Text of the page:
In Lowell and Beyond: Artifacts, Stories, Memorabilia, Ephemera Help Tell the Civil War Story

This “Matthew Brady Studio” portrait was probably made in the spring of 1864, around the time U.S. Grant put General Benjamin F. Butler in command of the Army of the James River.
The Sesquicentennial commemoration of the American Civil War began in earnest last month. Locally, the story has been playing out through a series of lectures, panels, exhibits, tours and a movie series, that sets the stage for the Civil War in the “big picture” by telling the story of “Lowell in the Civil War.” What are these stories? The “first in the War” deaths of Lowell mill-workers Luther Ladd and Addison Whitney in the Baltimore Riots of 1861.. the exploits of the 6th Massachusetts Volunteer Infantry – the Lowell-mustered regiment… the history-making role of General Benjamin F. Butler of Lowell doing his duty in the Civil War… the heroism of Lowell men in the bloody battles of the War… the work on the home-front of such groups as the sanitary commission. Then by displaying the coat worn by Ladd with the bullet hole; discussing letters written by a Civil War soldier to a local lady; highlighting the reseach of a citizen historian in his quest to locate the burial site of Lowell Civil War soldiers; searching out the contemporary newpaper stories about abolitionist activities in Lowell; sharing the illustrations, cartoons, images and artwork of those CW days – all that and more helps fill-out the big story of the Civil War using our local connections.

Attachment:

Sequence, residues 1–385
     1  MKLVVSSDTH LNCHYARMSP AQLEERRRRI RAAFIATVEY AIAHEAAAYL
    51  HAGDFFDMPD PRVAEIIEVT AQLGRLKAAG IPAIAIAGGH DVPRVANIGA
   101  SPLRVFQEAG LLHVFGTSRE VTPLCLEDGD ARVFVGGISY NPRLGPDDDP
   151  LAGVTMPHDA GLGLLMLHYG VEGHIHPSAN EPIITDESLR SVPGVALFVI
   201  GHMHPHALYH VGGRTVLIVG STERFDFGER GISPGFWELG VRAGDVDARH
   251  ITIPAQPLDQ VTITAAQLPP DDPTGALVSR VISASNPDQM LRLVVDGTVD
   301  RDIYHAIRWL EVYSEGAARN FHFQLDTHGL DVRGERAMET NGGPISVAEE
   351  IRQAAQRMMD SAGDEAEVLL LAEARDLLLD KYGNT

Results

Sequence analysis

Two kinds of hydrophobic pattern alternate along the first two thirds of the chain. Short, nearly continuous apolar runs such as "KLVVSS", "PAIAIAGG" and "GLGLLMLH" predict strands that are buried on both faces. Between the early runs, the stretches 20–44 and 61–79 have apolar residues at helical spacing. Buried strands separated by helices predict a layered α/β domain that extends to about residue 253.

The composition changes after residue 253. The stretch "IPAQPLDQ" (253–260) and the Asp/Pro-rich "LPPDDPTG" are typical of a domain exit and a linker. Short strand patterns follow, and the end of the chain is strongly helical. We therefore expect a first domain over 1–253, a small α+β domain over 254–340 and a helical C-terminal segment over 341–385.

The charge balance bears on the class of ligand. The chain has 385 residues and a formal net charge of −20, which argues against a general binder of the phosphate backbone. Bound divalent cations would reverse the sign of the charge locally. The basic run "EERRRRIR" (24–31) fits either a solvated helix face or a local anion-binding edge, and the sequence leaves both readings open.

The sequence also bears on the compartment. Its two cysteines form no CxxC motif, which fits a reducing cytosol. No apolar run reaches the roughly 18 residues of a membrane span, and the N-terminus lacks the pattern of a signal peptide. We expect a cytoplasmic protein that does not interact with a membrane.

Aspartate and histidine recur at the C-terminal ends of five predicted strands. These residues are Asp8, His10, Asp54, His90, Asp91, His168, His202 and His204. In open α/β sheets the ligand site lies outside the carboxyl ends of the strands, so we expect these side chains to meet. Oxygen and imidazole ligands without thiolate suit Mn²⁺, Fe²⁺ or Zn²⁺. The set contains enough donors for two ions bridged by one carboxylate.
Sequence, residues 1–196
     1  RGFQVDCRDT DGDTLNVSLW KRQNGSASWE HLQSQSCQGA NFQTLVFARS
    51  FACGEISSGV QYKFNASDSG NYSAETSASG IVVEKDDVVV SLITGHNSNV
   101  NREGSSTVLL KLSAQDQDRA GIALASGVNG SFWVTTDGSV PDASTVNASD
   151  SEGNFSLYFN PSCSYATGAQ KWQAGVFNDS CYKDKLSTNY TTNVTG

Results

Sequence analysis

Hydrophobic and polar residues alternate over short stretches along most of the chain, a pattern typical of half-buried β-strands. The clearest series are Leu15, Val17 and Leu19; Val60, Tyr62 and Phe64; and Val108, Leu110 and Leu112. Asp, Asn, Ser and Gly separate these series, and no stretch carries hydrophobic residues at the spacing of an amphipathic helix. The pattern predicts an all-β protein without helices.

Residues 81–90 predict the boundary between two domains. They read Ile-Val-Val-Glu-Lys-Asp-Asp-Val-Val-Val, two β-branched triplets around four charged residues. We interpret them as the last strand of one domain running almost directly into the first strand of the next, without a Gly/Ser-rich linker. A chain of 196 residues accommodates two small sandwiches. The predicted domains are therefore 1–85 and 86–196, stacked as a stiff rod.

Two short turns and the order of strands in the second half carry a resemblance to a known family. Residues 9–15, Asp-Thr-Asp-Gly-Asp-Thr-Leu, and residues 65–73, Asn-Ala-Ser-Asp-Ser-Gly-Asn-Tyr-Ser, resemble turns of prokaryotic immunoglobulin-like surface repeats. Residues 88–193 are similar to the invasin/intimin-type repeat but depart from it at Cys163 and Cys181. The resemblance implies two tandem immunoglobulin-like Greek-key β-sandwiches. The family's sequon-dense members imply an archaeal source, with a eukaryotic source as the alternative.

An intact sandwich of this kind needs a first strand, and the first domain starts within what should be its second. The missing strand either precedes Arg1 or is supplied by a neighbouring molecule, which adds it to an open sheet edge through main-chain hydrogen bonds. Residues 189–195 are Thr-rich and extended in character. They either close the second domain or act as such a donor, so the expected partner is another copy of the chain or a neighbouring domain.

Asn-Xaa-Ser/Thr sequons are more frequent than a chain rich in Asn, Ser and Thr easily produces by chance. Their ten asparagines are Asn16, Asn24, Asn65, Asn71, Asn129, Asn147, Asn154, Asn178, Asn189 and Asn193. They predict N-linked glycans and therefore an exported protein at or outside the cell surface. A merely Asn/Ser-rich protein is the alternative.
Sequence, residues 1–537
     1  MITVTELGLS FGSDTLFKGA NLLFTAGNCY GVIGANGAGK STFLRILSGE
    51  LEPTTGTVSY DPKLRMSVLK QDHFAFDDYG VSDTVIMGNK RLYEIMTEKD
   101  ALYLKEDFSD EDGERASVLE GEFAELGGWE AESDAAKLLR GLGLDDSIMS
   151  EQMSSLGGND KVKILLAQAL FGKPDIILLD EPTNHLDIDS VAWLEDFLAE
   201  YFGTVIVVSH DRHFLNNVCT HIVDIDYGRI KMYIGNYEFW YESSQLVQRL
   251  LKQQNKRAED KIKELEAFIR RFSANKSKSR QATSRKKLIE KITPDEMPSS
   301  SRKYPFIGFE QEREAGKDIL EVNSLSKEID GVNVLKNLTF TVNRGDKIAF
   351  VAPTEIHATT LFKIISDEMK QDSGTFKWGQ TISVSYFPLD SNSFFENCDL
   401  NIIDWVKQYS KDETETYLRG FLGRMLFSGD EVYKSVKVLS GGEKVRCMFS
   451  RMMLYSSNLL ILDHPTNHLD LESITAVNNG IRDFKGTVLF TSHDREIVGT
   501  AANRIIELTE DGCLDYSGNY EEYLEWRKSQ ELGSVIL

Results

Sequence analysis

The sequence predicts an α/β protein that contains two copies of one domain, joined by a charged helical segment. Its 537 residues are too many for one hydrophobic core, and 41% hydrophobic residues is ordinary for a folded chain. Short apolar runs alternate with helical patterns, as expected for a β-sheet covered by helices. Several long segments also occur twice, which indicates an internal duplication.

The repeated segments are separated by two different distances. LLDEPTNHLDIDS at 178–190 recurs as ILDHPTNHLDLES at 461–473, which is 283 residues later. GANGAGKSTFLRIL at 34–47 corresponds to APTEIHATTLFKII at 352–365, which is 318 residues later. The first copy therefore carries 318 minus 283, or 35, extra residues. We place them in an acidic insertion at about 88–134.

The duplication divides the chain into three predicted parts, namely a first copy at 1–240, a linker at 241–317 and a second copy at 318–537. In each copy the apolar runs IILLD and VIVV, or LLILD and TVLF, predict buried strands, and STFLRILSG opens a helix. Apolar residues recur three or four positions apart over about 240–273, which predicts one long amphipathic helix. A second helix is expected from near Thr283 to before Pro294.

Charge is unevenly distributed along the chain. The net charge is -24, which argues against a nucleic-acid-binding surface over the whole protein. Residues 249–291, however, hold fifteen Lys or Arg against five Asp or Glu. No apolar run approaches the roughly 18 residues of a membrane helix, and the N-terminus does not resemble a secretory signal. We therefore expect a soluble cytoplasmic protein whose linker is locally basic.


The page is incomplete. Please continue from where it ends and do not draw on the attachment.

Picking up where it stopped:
The television version of these commemoratives with the iconic Ken Burns mini-series “The Civil War” created back in the 1990s as the standard and formula for pattern and quality has also tapped into those local connections. The New York Times article “Old-Time Stuff Is Not Forgotten” in today’s edition tells us of the History Channel approach to recounting the Civil War though the well-known programs – “History Detectives,” “American Pickers” and “Pawn Stars.” Regular watchers know that the personal items, stories, artifacts and traditions of an individual, a family and collectors become the grist for the experts on these programs – researching, exploring the past, looking for the real story, for historic valuation and validation. Using such things as a child’s doll, an aging tintype, a faded letter – these 19th-century artifacts tell viewers what the war was really about and how the Civil War aftermath remains with us today. As one of these “regulars” I recommend this programming appoach as another way to learn about and commemorate this most important part of American history.

Read the entire NYT’s article here: